I've written about the need to understand how "public" our thoughts, ideas and conversations are these days. Hundreds, no thousands of others have issued the same warnings. I think most people still figure we're talking about what you post online, but if you think about it, it's really not the case.

There's a powerful lesson in this today from Sheila Scarborough on the Every Dot Connects blog. Sheila writes:

PR guy Peter Shankman was riding the train to some business-related destination when another man sat across from him, pulled out a cell phone and said "Apologies in advance, I talk a lot."

Insert grimace here, right? Immediately don iPod/noise-canceling headphones, and rue the advent of technology, right?

Shankman went further.

He could hear from the man's constant chatter that he was conducting sensitive business on the phone, so Shankman decided that an object lesson was in order.

With a warning tweet out to his Twitter stream, Shankman turned his laptop around, faced it towards Mr. Oblivious Babbling Businessman and proceeded to livestream the guy on Yahoo LIVE.

Cool? No, not really. One of those cases where being a jerk to the jerk doesn't make you any less of one...but I get the frustration and the desire to "teach a lesson."

I remember a few months back when I was sitting in Panera Bread and overheard a conversation about search engine marketing at the table next to me. A search marketing consultant was trying to sell his services to a local business owner and was throwing out pretty much ever antiquated bit of bad SEO advice I've ever heard. Frustrated, but not wanting to make him look bad to the client, I ended up Twittering a great deal of the conversation.

Of course in retrospect, I realized it was quite possible either the consultant or the client could conceivably have been following me on Twitter and have read my posts. Ultimately, it could have even affected the consultants ability to get the contract.

All because technology makes it possible for our conversations to be broadcast without our knowledge.

What the story really reminds me of though is the need for constant reputation monitoring. If you read through Sheila's full post, you'll find out something else interesting that happened:

When I logged on to Yahoo LIVE, about 50 people were listening to and watching Mr. Oblivious Babbling Businessman. They were researching madly and posting...

His name.

His company.

His LinkedIn profile, including an aside that he only had two connections.

His ZoomInfo page.

His work phone number.

You see, it's one thing to be online monitoring for your name because you are blogging or engaging in social media and expect people to be talking about you. It's a whole other thing to have something posted based on an overheard conversation. For his own sake, I'd hope this fellow runs the occasional Google search for himself and finds out he's being discussed and in what context before his business colleagues do.

Nothing is private anymore. Emails can be forwarded, social sites are spidered, conversations are Twittered and actions are videoed by cell and uploaded to YouTube. You can't stop it, but you can consider it and you can keep an eye out for it.

You can also remember the old adage of never doing anything you wouldn't want to see on the front page of the New York Times. After all, it's a social media world out there.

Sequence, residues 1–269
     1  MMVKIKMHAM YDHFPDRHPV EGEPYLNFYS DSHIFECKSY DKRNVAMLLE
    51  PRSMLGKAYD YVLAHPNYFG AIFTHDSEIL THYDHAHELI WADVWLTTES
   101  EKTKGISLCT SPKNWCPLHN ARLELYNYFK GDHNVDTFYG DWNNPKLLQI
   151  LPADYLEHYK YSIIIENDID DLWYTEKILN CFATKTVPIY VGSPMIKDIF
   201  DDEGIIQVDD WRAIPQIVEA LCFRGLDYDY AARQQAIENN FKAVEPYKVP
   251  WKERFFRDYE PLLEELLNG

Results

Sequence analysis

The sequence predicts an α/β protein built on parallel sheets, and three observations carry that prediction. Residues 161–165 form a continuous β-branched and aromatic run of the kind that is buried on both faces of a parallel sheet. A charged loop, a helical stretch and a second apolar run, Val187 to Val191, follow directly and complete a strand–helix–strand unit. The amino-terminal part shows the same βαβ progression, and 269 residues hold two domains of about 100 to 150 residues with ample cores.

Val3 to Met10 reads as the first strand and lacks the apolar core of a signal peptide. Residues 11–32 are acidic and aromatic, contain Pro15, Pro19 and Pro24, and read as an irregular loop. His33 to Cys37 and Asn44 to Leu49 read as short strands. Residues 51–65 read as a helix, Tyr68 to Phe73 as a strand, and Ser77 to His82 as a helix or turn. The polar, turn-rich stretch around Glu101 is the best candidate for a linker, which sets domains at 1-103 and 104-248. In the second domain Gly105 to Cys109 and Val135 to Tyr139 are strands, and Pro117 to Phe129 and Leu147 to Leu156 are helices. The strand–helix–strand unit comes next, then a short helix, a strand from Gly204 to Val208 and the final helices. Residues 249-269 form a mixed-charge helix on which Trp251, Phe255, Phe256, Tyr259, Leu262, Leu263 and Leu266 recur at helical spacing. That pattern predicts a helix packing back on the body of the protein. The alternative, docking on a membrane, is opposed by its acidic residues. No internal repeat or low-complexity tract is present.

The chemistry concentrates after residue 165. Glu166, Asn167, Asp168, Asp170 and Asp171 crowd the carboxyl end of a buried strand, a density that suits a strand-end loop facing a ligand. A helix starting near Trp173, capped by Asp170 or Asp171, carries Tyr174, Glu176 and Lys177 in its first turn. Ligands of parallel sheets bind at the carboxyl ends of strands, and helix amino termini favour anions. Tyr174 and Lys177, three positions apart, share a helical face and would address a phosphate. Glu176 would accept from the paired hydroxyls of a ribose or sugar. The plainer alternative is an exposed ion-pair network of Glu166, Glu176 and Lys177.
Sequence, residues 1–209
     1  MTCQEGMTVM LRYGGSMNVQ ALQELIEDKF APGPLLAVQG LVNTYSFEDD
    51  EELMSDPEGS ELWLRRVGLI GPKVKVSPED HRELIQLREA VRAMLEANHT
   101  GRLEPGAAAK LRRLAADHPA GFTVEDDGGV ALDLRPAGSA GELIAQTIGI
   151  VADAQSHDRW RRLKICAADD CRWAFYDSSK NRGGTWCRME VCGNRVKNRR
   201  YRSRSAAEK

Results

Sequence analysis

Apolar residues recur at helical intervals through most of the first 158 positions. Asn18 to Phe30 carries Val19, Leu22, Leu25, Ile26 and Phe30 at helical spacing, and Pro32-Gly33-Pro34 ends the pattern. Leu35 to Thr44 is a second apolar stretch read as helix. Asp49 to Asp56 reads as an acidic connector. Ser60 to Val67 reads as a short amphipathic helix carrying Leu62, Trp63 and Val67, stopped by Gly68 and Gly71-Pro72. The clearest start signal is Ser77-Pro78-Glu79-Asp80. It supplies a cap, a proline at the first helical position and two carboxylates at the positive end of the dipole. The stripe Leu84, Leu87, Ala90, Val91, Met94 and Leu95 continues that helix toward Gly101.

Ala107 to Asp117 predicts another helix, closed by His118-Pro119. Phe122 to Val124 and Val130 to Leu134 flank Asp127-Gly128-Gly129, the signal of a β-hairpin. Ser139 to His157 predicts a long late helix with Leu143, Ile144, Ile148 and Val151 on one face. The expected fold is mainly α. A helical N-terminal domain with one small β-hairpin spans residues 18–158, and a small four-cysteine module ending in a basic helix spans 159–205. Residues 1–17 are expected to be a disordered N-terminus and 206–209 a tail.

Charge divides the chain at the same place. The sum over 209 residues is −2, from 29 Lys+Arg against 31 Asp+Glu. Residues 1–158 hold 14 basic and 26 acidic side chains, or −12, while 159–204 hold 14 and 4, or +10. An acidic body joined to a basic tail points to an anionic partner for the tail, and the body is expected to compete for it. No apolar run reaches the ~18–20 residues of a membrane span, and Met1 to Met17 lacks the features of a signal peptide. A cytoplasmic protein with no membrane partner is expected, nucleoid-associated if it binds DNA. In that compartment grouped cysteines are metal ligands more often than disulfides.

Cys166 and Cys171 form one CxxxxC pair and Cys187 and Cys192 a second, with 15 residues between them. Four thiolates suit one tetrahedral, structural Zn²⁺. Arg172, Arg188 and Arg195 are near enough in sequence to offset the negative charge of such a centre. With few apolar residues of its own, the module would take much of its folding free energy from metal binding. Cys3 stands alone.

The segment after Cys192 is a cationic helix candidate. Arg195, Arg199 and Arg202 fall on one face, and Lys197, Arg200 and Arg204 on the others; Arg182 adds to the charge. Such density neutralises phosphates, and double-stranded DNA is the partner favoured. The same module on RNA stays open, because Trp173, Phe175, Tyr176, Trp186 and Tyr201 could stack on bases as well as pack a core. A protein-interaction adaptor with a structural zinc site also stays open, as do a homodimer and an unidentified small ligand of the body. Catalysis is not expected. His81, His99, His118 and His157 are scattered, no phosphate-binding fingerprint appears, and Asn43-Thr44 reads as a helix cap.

October 24, 2008

Jennifer Laycock is the Editor of Search Engine Guide, the Social Media Faculty Chair for MarketMotive and offers small business social media strategy & consulting. Jennifer enjoys the challenge of finding unique and creative ways to connect with consumers without spending a fortune in marketing dollars. Though she now prefers to work with small businesses, Jennifer’s clients have included companies like Verizon, American Greetings and Highlights for Children.


Jennifer, are you saying what happens in Vegas does not really stay in Vegas? :)

LOL...I dunno Michael, I've seen the Facebook pics from Pubcon...so I'm guessing no.

Ouch. Certainly makes the argument for conducting business behind closed doors (the old days). I agree that you need to 'keep an eye out for it" (and maybe even an ear or two). Awareness of the impact of those conversations is the first step: both from the perspective of how the conversation can travel (around the world) and also on a more micro-scale, of how annoying it is to talk in a common space (such as restaurants, elevators, trains, buses, etc.).

Jennifer, Great Post, and thanks for the insight.
To some extent, we all are who we are. If we are a big mouth salesperson, but are a good big mouth salesperson, which has a great customer base and have customers who love big mouth sales people, then someone tweeting about that would not be any surprise to our customers. We would just be being who we are. However, if we are not being authentic (that word is kind of over used, but is fitting) then we are in real trouble, because we now live in a world of real and true checks and balances, no more trickery. I am not under estimating that we should all be monitoring what folks are saying about us, but if we just focus on being who we are, being authentic, then much of this falls away.

Hi Jennifer,

Thanks for linking to and discussing my post; comments on Every Dot Connects are running pretty much for the idea that Shankman's livestreaming stunt was "fair" rather than "foul," although there are plenty of articulate thoughts on both sides.

Even without making a judgment one way or the other, the whole thing certainly is a wakeup call.

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